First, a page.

In what has become the Hollywood “go to” for evil-doers, the secret plan to militarize the dinosaurs is being carried out by Vincent D’Onofrio. Of course, this clashes with Pratt’s ideal life for “his” trainees. The mandatory kids-in-peril are played by Ty Simpkins (Insidious) and Nick Robinson. Much has been made of the absurdity of Ms. Howard’s numerous scenes of sprinting in high heels, and I found her overall demeanor to be every bit as exaggerated and unbelievable as her actions in heels. Jake Johnson (TV’s “New Girl) and Omar Sy (so wonderful in The Intouchables) were the most “real” characters, though neither was given much to do.

Much of what is written here is “in comparison” to the original. While this may not be fair, it is inescapable when dealing with such a respected and iconic film. Youngsters unfamiliar with the original film, are likely to find this one exciting – even terrifying at times – and that’s an important distinction to make. The Mosasaurus alone is worth the price of admission … and good for a few nightmares!  And who among us wouldn’t pay up for a Baby Triceratops ride in the Petting Zoo?

For the Jurassic Park stalwarts, the inconsistent (sometimes great, sometimes fake-looking) CGI will be as tough to overlook as Ms. Howard’s cartoon character. And yes, composer Michael Giacchino is new to the Jurassic series, and he is wise enough to work in the terrific and familiar John Williams theme in more than one scene.  However, none of the downsides will keep the true fans away, and there is an entire generation of kids who should have the chance to marvel at lifelike dinosaurs on the big screen courtesy of director Colin Trevorrow (previously known for his work on the indie gem Safety Not Guaranteed).

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SAFETY NOT GUARANTEED (2012)

June 20, 2012

 Greetings again from the darkness. This one showed promise to deliver the rare, offbeat, genuine indie genius that those of us who spend entirely too much time in dark theatres live for. How many romantic-dramadies combine caustic comedy, elements of sci-fi, and are inspired by a real life newspaper ad? Not very darn many.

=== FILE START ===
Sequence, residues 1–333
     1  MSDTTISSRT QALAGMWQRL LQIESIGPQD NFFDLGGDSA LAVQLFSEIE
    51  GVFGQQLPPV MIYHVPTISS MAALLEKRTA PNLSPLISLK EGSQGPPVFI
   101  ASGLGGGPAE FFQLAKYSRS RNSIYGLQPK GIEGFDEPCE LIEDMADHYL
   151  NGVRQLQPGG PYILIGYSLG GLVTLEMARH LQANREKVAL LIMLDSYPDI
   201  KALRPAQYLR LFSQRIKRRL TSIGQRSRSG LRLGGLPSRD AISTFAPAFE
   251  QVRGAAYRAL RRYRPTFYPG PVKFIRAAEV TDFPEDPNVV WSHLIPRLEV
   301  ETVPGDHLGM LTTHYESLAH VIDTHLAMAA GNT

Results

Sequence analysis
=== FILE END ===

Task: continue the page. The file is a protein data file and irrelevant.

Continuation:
The set-up for the story is that Jeff (Jake Johnson), a Seattle magazine writer, suggests to his editor that the newspaper ad would make an interesting investigative report. To get a feel for the movie, reading the ad is essential:

WANTED: Someone to go back in time with me. This is not a joke. You’ll be paid after we get back. Must bring your own weapons. I have only done this once before. SAFETY NOT GUARANTEED.

 Jeff takes two interns on assignment with him: Darius (Aubrey Plaza, pictured left) and Arneau (Karan Soni). Darius is a sarcastic loner and recent college grad. Arneau is a virgin nerd who skates ever so close to an Indian stereotype. He is actually quite funny and easy to root for. Unknown to the interns, Jeff has ulterior motives for taking this job, and the bulk of the work will fall to them.

 Darius quickly tracks down and connects with Kenneth (Mark Duplass, pictured left). He seems quite committed to the time travel cause and is a bit skeptical of Darius. The Kenneth character can best be described as a NICE Dwight from “The Office”. He veers from the “normal” line, but has a heart of gold. Once Kenneth and Darius confess their reasons for going back in time, it’s clear to the viewers that these two share a rare DNA strand. Humor kicks in during their training sessions … of course, you need martial arts skills and the ability to shoot straight if you plan to time travel.

 The comedy and romance elements are complimented by undertones of regret, paranoia, loneliness and the desire to connect. These same tones play right into Jeff’s sub-plot. When he finds his high school crush (Jessica Bergere), she asks him about his life. His answer is limited to “Escalade and Condo”. She soon has him considering what else life can offer. Kenneth and Darius discover that trust is not a four letter word. Even Arneau finds out that human interaction can be better than a blazing fast laptop.

The results of the time travel plan aren’t really important, though it does play a role in the final act. As with the best movies, what really matters are the people. These are people we can relate to because they come across as real … not perfect, but real. As likable as the characters are, there still seemed to be something missing that prevented this film from reaching the next level. Maybe it has to do with first feature film director Colin Trevorrow or his writer Derek Connolly. The missing link is not easily identifiable, but it doesn’t prevent enjoyment.

SEE THIS MOVIE IF: you are a fan of quirky, offbeat indies OR you want to see rising stars Mark Duplass and Aubrey Plaza

SKIP THIS MOVIE IF: your idea of a time travel movie is more in line with Hot Tub Time Machine than a thoughtful indie flick